As consumers become increasingly empowered to engage with retailers and their products through a number of channels, much has been said about the future of traditional brick-and-mortar in some key product areas. This is especially true when it comes to consumer electronics––a category among the most researched online alongside books and apparel.
To uncover how consumers are interacting with these products from initial discovery all the way to the checkout line, ICC/Decision Services carried out a study to better understand where customers are finding the most rewarding shopping experiences.
Specifically, the study found that although technology is increasingly playing a larger role in the discovery and research of electronics products, consumers still prefer to make their final purchase in-store. An explanation of some of the key findings gives us clues as to why the in-store retail environment is still the preferred place to complete an electronics purchase.
Background of the study and initial findings
The study compiled opinion data of over 2,000 consumers across a wide range of demographics; including age, income-level, gender, and location within the US. Distributed online, ages of the participants ranged from 18 to over 65. In terms of location breakdown, the respondents represented each of the five major geographic regions of the US as well as Canada.
The findings reveal interesting shopping behaviors among particular groups of consumers, which seem to show a trend retailers may find valuable from a strategy perspective. Among the top three methods for researching electronics products before making a purchase, two were based online while the third involved in-person engagement within a store. Overall, most people (63%), found that the retailer’s website provided the best means of looking at products with visits to the manufacturer’s website coming in at a close second place (60%).
Although these numbers show the growing influence of online research within the retail world, over half of the participants (57%) still use stores to discover and learn about products. These small statistical differences point to a very large opportunity for retailers looking to meet the expectations of customers using all three channels. The numbers make it clear that even in terms of initial research, consumers looking to invest in electronic products are actively taking part in the omnichannel process.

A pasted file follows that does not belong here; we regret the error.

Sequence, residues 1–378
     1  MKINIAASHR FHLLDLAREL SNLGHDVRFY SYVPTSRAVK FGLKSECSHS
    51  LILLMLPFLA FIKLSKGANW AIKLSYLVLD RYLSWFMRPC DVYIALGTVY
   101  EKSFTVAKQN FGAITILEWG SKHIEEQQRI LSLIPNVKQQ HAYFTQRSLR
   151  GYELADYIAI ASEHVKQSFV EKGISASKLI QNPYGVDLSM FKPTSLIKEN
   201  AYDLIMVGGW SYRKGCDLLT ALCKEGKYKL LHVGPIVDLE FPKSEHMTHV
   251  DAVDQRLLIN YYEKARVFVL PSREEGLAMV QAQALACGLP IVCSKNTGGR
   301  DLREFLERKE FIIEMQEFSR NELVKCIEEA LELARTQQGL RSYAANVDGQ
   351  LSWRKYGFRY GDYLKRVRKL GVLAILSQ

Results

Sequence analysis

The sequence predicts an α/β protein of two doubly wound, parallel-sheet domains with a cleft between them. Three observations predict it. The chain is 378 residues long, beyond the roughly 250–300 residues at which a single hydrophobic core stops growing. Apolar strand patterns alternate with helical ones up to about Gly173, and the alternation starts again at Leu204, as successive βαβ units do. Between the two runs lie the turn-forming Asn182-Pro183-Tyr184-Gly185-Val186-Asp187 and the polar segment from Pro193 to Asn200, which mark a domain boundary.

When it comes to making purchases, in-store remains the leader
While the results regarding product research point to a growing shift toward online as consumers find themselves able to compare prices and find the best deals, the survey also asked customers about their preferred means of purchasing electronics after their research is complete. The results mark a major distinction within the habits of shoppers as the majority of participants (81%) reported preferring in-store retail locations when actually making a purchase.
When the numbers are broken down according to demographics, some subtle trends emerge that retailers should find useful when considering their customer experience strategies. In terms of age groups, the 55 and older group was found to be considerably more likely to buy in-store versus online.
This gap between online and offline closes when looking at the 18 to 34 age group. In-store purchases still dominate consumer preferences among younger shoppers (75%), however online sales seem to be catching up quickly at 63%.
After looking at these numbers, retailers might wonder what exactly this means for the future of customer experience. While some point to advances in technology one day making eCommerce the primary means by which people shop, this study shows that outcome is not going to happen any time soon.
Although consumers are increasingly leveraging the convenience of online shopping tools to research new gadgets and compare prices between vendors, the convenience of in-person interaction with products and people offline is still resonating the most with customers when making purchases.
If you’d like more information about the study, please contact Eric Baer at firstname.lastname@example.org.